This is a must read book. Definitely worthy of 5 stars, but I gave it 4 because I couldn't see both sides of the one subplot when the issue hit a bit too close to home. Do yourself a favor (except perhaps if you are an adoptive mom) and get yourself a copy of this one!

2

The Other Alcott Book Cover The Other Alcott
Elise Hooper
Fiction
William Morrow
September 5, 2017
Paperback
432
Free from publisher

We all know the story of the March sisters, heroines of Louisa May Alcott’s Little Women. But while everyone cheers on Jo March, based on Louisa herself, Amy March is often the least favorite sister. Now, it’s time to learn the truth about the real “Amy”, Louisa’s sister, May. Stylish, outgoing, creative, May Alcott grows up longing to experience the wide world beyond Concord, Massachusetts. While her sister Louisa crafts stories, May herself is a talented and dedicated artist, taking lessons in Boston, turning down a marriage proposal from a well-off suitor, and facing scorn for entering what is very much a man’s profession. Life for the Alcott family has never been easy, so when Louisa’s Little Women is published, its success eases the financial burdens they’d faced for so many years. Everyone agrees the novel is charming, but May is struck to the core by the portrayal of selfish, spoiled “Amy March.” Is this what her beloved sister really thinks of her? So May embarks on a quest to discover her own true identity, as an artist and a woman. From Boston to Rome, London, and Paris, this brave, talented, and determined woman forges an amazing life of her own, making her so much more than merely “The Other Alcott.” “Elise Hooper’s thoroughly modern debut gives a fresh take on one of literature’s most beloved families.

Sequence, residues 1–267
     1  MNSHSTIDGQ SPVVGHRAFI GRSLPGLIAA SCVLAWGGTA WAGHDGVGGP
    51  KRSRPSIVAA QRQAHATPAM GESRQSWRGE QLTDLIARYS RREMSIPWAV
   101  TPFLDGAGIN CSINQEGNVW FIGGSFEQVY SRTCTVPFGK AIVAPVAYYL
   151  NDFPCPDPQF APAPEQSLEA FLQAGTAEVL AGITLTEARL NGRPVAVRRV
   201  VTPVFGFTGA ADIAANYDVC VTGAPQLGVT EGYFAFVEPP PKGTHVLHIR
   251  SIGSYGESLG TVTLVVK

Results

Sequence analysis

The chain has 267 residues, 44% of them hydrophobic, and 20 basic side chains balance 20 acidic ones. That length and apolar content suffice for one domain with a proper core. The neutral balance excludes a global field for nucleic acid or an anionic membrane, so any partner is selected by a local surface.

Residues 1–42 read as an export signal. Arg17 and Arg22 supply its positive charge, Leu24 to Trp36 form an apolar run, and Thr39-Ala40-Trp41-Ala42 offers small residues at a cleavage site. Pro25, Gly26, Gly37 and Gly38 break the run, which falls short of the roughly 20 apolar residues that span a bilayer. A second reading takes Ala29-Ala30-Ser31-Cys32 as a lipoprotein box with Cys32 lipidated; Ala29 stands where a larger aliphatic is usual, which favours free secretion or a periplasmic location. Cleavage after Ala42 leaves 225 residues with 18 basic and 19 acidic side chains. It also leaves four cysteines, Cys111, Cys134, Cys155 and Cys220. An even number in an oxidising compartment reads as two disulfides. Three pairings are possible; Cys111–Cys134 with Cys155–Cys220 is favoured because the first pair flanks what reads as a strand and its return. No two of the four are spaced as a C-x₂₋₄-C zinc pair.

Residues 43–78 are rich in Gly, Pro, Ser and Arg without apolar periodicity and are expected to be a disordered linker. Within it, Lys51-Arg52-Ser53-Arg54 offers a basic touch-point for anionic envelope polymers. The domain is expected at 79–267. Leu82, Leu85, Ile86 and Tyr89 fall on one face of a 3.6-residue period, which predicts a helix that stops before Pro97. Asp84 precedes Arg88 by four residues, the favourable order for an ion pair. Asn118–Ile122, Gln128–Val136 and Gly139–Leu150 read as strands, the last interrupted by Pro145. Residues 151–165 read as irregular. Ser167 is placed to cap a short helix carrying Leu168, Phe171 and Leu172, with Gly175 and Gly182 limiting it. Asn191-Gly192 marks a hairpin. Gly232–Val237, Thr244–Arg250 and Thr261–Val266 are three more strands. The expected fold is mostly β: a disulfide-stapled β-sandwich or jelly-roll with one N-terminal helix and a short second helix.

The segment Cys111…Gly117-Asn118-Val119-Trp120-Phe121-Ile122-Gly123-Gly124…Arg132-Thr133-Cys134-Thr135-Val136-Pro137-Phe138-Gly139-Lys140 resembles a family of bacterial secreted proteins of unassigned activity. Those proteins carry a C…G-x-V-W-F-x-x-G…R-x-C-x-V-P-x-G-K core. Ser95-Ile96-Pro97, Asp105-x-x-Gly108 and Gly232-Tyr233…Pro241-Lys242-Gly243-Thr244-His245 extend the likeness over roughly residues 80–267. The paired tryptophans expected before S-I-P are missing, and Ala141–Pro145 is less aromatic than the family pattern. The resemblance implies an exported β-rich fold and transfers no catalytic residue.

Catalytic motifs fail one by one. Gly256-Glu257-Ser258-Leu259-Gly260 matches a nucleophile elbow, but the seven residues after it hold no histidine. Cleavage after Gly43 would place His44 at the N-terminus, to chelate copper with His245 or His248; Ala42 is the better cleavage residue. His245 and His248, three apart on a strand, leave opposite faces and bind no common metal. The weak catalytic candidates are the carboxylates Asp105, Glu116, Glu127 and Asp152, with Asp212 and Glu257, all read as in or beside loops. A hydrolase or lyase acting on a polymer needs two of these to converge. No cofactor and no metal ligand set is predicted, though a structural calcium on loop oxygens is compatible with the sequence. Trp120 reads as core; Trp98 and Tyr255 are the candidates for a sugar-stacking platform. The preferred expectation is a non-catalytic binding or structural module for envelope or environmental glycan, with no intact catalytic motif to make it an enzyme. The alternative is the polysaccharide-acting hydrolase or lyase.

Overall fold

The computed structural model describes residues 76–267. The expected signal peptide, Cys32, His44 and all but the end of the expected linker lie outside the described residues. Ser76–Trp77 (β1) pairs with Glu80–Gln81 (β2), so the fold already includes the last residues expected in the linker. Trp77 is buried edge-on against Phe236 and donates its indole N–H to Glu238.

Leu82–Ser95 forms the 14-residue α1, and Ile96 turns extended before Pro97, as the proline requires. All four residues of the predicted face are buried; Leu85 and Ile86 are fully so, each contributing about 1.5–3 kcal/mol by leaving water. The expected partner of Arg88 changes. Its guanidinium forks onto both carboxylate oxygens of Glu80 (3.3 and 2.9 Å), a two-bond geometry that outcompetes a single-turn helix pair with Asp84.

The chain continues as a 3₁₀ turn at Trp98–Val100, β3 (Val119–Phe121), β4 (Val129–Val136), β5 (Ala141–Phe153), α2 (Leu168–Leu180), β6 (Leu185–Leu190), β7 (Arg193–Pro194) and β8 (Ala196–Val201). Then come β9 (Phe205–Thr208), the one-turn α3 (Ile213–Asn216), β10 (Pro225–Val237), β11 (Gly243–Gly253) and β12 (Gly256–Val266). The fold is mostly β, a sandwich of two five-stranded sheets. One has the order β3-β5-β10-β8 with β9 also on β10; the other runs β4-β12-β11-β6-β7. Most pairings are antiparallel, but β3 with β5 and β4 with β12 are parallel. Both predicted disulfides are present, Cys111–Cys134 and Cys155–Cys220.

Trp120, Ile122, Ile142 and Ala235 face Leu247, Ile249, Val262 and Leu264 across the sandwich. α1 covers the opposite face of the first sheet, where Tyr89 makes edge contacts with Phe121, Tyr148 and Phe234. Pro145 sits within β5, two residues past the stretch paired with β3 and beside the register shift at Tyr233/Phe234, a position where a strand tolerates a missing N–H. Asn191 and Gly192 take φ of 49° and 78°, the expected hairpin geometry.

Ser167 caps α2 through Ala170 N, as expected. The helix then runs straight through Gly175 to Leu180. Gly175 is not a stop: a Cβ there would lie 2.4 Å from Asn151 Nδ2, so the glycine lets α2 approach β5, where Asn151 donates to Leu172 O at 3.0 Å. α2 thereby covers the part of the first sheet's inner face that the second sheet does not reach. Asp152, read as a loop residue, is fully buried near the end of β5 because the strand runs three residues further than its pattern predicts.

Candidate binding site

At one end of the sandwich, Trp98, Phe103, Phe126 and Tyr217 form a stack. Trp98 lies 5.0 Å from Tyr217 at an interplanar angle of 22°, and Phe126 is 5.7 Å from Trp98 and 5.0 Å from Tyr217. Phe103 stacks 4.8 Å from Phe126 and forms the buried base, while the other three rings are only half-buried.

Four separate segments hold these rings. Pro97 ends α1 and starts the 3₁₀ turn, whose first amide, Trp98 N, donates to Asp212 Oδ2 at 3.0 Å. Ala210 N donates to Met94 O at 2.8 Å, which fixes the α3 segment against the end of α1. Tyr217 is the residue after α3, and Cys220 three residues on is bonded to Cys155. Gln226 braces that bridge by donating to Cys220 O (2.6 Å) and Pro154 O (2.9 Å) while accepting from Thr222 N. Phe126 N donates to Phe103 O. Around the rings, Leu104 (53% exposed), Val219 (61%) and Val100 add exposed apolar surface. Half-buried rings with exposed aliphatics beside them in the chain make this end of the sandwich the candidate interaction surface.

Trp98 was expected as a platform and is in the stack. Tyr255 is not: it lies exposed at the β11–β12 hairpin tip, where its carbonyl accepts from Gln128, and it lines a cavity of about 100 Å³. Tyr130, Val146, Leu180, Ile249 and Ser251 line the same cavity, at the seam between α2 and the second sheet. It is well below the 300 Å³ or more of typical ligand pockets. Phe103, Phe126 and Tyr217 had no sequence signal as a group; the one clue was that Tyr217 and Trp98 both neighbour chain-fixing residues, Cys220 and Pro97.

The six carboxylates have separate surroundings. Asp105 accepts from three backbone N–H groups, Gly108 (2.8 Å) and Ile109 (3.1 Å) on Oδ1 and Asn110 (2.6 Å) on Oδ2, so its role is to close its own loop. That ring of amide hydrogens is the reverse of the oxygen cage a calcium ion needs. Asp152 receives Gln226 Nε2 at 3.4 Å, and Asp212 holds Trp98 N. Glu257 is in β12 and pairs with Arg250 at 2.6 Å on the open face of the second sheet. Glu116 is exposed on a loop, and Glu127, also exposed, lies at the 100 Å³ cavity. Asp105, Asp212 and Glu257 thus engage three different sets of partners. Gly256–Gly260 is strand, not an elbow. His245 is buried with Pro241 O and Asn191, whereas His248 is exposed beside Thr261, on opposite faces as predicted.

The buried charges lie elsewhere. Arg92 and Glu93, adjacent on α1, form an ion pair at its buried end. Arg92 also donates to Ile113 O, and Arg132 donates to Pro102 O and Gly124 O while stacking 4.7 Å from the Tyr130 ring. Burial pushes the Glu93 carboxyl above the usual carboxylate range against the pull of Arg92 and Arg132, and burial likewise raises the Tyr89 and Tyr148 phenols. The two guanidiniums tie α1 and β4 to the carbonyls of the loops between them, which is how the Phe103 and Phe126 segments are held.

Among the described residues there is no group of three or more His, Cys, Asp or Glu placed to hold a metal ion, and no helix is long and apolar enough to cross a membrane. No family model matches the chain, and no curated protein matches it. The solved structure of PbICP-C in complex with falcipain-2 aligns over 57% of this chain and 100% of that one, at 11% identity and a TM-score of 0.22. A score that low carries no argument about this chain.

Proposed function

My review:

Confession time before continuing with this review. I have never read Little Women! I know, I know, but I have to gear myself up for really long books, and just never got around to this one (although I do own a copy). I'm not sure whether that fact has any bearing on my review, but I wanted full disclosure. This was a perfectly good  read, but it did contain a few problems for me. I thought the story was interesting, it seemed well researched, and it flowed well. I am not an artist, and I did get a bit bored with some of the longer passages about May's art. The dynamics of the family members was the most entertaining part of the book for me, although I can't say that I came away really liking any of them (why couldn't Anna take care of the parents?). I did appreciate the various settings described throughout (Rome, London, Paris, Boston), and the peeks that were given of some of the other famous artists of that time period. The insertion of letters was also a plus for me.

A good read, maybe a bit too heavy on the creation of art, but probably one that will have even more impact for those who have read Little Women.